FORGING HER PATH
Dominic may have opened the doors for Jordan to have the opportunity to work with both Stacia Madden and Katie Prudent, but Jordan is forging her own path with in both the equitation and jumper rings. Currently she is showing in the equitation and hunter rings with Stacia, while she is working with Katie with her jumper Douwe.
In 2021, Jordan first walked into the Big Eq classes on Limitless, the equitation horse Dominic was on when Katie approached Stacia to take the reins of training Dominic. “He won the Hamel 3’3” Championship with my brother and made me feel proud every time we trotted into the ring.”
Jordan loves the challenge of the equitation ring as it’s a constant quest for perfection, each round requiring hours upon hours of training. “On social media you see all the success the riders have in the equitation ring and it looks easy, but you don’t see the hard work behind it all. I’ve witnessed how hard Dominic worked to get to the top of the equitation ranks,” Jordan said.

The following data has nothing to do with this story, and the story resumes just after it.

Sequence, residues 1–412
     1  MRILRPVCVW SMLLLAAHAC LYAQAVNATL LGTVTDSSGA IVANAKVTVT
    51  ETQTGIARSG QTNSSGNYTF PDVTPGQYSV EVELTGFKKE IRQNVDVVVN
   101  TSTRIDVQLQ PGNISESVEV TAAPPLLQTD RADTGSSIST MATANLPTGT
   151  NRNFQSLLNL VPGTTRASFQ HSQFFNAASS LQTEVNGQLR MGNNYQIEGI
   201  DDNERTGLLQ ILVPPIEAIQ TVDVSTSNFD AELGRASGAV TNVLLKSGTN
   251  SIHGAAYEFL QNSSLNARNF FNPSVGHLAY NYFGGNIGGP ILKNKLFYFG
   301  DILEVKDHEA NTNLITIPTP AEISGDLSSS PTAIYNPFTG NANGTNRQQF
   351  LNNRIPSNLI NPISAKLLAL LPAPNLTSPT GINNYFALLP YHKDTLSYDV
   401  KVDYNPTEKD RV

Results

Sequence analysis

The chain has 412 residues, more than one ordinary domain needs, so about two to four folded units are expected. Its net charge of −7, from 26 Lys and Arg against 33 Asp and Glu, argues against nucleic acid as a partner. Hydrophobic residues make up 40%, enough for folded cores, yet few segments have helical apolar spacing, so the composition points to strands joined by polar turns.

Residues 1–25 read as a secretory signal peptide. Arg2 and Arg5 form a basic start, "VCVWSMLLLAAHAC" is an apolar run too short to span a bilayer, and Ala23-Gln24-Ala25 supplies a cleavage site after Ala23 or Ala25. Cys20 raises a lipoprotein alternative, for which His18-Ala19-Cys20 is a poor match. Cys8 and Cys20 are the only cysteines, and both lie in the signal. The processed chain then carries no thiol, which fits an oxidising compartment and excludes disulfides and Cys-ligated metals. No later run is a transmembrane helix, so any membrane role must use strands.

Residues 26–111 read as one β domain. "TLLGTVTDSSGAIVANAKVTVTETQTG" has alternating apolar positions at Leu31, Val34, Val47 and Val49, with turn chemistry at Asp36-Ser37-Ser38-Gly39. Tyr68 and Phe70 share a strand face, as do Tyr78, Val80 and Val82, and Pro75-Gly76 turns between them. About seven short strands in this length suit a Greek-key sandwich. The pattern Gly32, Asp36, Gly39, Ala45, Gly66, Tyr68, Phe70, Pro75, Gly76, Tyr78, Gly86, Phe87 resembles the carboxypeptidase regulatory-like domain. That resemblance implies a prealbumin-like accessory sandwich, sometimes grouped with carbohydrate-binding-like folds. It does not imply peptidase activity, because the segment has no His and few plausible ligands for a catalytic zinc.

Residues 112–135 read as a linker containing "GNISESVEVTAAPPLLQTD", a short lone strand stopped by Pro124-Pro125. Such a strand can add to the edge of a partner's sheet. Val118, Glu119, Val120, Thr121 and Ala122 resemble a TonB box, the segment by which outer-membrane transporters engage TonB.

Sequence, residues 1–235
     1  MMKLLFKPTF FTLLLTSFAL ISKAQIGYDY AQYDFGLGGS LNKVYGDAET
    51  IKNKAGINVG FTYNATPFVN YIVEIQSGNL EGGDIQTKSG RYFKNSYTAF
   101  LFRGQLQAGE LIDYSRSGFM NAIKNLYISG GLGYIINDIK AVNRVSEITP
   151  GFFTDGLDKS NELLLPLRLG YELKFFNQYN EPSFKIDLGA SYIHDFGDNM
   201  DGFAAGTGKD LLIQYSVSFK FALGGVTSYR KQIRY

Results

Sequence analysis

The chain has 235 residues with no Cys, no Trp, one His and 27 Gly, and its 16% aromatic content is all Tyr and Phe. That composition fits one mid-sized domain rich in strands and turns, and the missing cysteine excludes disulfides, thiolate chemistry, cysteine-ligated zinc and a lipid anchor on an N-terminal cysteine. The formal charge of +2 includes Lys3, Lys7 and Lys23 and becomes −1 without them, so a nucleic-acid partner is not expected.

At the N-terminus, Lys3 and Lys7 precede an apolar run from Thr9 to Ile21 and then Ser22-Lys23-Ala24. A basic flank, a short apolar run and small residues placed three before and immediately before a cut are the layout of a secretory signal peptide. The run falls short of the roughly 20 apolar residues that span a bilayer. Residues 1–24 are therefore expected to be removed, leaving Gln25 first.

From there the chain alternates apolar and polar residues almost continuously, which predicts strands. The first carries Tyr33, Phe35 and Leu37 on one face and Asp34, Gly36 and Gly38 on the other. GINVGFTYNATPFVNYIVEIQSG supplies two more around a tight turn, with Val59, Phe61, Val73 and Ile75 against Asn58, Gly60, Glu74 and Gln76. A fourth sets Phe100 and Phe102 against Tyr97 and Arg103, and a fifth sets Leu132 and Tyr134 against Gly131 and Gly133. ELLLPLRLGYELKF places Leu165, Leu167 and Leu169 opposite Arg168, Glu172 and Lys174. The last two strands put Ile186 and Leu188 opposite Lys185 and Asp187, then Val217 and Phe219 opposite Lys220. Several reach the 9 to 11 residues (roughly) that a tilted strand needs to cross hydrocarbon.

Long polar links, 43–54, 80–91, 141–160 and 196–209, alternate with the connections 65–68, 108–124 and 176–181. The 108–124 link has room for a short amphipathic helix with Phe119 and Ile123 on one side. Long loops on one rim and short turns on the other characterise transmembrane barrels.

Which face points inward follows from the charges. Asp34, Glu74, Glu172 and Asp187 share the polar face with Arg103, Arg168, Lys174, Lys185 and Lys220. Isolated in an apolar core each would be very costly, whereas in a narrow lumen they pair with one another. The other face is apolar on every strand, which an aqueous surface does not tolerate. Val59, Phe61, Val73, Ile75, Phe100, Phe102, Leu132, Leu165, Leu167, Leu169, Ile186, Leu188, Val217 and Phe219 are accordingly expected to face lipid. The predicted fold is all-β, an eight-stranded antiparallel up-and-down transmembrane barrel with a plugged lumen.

In June, Jordan had the opportunity to start showing Dana Vollbracht’s Five Star in the 3’3 Younger Large Junior Hunters. “We’ve been champion every time out. At the East Coast Junior Hunter Finals, we were Reserve Champion,” Jordan said. “I’m so excited for this fall’s indoors with him!”
Jordan is learning the ropes in the jumpers on Douwe. “I recently moved up to the Low Junior Jumpers on him. Douwe blows me away every time I walk in the ring and I’m so grateful I get to ride him,” she said. “I love doing the jumpers because you go fast, turn tight and it feels like there is less pressure because it’s just you against the timer.”